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CNN

Postdoc Tansu Daylan speaks with CNN reporter Ada Wood about his work mentoring two high school students, and their discovery of four new exoplanets. "When it comes to studying by comparison — that is, studying the atmospheres of planets beyond the solar system around sun-like stars — this is probably one of the best targets that we will ever get," says Daylan.

CBS News

Reporting for CBS News, Sophie Lewis spotlights how MIT astronomers have uncovered evidence of what may be one of the earliest incidences of galactic cannibalism in a dwarf galaxy called Tucana II. “The findings suggest that the earliest galaxies in the universe were much more massive than previously believed,” writes Lewis. 

CNN

CNN reporter Ashley Strickland writes that astronomers have identified an extended dark matter halo around Tucana II, an ancient dwarf galaxy. "This probably also means that the earliest galaxies formed in much larger dark matter halos than previously thought," says Prof. Anna Frebel. "We have thought that the first galaxies were the tiniest, wimpiest galaxies. But they actually may have been several times larger than we thought, and not so tiny after all." 

Smithsonian Magazine

Two high school students and their mentor, MIT postdoc Tansu Daylan, have discovered four new exoplanets located about 200 light years from Earth, reports Nora McGreevy for Smithsonian. The students were participating in the Student Research Mentoring Program, which pairs young astronomers with scientists at MIT and Harvard. “[The students] are so good at finding things that may skip your eyes, basically. It’s fun. And I really like the exchange of ideas,” Daylan adds. 

Gizmodo

Astronomers have uncovered evidence of an extended dark matter halo around an ancient galaxy located about 163,000 light years from Earth, reports Isaac Schultz for Gizmodo. “We know [dark matter] is there because in order for galaxies to remain bound, there must be more matter than what we see visibly, from starlight,” explains graduate student Anirudh Chiti. “That led to the hypothesis of dark matter existing as an ingredient that holds galaxies together.” 

United Press International (UPI)

UPI reporter Brooks Hays writes that MIT researchers have discovered an extended dark matter halo encircling an ancient dwarf galaxy about 163,000 light years from Earth. “The findings suggest many more of the cosmos' earliest galaxies may have formed within expansive dark matter halos,” writes Hays.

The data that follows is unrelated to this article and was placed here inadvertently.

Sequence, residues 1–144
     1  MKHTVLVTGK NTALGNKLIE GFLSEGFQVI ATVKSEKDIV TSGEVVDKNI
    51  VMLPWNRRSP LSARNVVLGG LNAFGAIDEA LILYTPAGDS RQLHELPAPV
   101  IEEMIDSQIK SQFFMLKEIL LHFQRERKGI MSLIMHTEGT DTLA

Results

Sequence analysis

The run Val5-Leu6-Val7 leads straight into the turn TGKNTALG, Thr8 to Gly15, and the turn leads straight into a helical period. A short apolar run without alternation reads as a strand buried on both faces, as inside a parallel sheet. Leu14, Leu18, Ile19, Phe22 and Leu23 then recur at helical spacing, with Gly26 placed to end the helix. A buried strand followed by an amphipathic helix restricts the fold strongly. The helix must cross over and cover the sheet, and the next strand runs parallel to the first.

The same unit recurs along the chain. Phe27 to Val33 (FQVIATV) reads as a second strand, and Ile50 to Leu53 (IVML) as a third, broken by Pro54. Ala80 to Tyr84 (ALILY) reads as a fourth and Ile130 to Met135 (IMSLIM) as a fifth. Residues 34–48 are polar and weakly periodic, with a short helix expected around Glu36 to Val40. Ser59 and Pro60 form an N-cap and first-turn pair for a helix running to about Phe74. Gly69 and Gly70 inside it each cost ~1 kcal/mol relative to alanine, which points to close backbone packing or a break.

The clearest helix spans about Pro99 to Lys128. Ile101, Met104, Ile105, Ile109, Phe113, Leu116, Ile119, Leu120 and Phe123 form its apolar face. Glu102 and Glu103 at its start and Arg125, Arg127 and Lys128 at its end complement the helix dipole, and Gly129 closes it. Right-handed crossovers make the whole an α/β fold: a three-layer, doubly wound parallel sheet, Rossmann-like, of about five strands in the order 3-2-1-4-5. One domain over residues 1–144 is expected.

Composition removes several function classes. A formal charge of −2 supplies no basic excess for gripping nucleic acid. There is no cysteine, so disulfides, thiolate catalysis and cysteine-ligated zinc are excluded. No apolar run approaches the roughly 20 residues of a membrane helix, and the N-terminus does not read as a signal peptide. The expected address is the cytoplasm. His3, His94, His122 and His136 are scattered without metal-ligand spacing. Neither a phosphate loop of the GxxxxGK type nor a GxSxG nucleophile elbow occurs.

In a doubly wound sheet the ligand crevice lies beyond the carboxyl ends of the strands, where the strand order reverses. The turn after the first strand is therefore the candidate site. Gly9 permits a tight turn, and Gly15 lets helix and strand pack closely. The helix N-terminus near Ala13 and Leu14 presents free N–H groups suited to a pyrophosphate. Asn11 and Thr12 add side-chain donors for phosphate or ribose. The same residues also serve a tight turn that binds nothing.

Mashable

Mashable spotlights how two high school students, who were part of Student Research Mentoring Program (SRMP) at the Harvard-Smithsonian Center for Astrophysics (CfA) and MIT, have discovered four new exoplanets. “Both the students took guidance from mentor Tansu Daylan, a postdoc at the MIT Kavli Institute for Astrophysics and Space Research, and helped the students study and analyze data from the Transiting Exoplanet Survey Satellite (TESS).” 

USA Today

A team of astronomers, including MIT researchers, have identified fast radio burst emanating from a magnetar in our galaxy, reports Doyle Rice for USA Today. “The radio pulses are the closest ones detected to date, and their proximity has allowed the team to pinpoint their source.”

The Verge

Prof. Kiyoshi Masui speaks with Verge reporter Loren Grush about how astronomers have detected fast radio bursts coming from a magnetar within our own galaxy. “This is the missing link,” Masui says. “Now we’ve seen a fast radio burst coming from a magnetar, so it proves that at least some fraction of fast radio bursts we see in the universe come from magnetars.”

Fox News

Fox News reporter Chris Ciaccia writes that a team of astronomers, including MIT researchers, has found an exoplanet that has a 3.14-day orbit. “The ‘pi planet’ known as K2-315b is relatively close to Earth at 186 light-years away,” writes Ciaccia.

Forbes

MIT researchers have discovered an Earth-sized planet, named K2-315b, which is being referred to as the “pi planet” for its 3.14 day orbit, reports Allison Gasparini for Forbes. “Having planets like K2-315b will help us to further understand the diverse planet bodies out there,” says graduate student Prajwal Niraula.

Economist

The Economist explores how the Transiting Exoplanet Survey Satellite (TESS), an MIT-led NASA mission, has identified a number of new exoplanets and, in the process, helped astronomers and scientists unearth new details about our universe. This latest discovery, according to The Economist, “will help answer some of the biggest questions in the rapidly growing science of exoplanetology.”

New Scientist

TESS, an MIT-led NASA mission, has discovered two gaseous exoplanets and one rocky exoplanet within a system known as TOI-270, reports New Scientist. “TOI-270 will soon allow us to study this ‘missing link’ between rocky Earth-like planets and gas-dominant mini-Neptunes, because here all of these types formed in the same system,” says postdoc Maximilian Günther, lead author of a paper on the new system. 

New York Times

The New York Times’ Dennis Overbye reports on a paper from MIT, which shows that NASA’s planet hunting satellite TESS has discovered three new exoplanets in a system 73 light-years from Earth known as TOI-270. “TOI-270 is a true Disneyland for exoplanet science because it offers something for every research area,” says postdoc and lead author Maximilian Günther. “It is an exceptional laboratory for not one, but many reasons.”

Science Friday

Postdoctoral fellow Dheeraj Pasham speaks with Ira Flatow of Science Friday about his research calculating that a supermassive black hole 300 million light years from Earth is spinning at half the speed of light. Pasham explains that a black hole's spin rate provides information about the “channel through which it grew, all the way from a couple of years after the Big Bang until now.”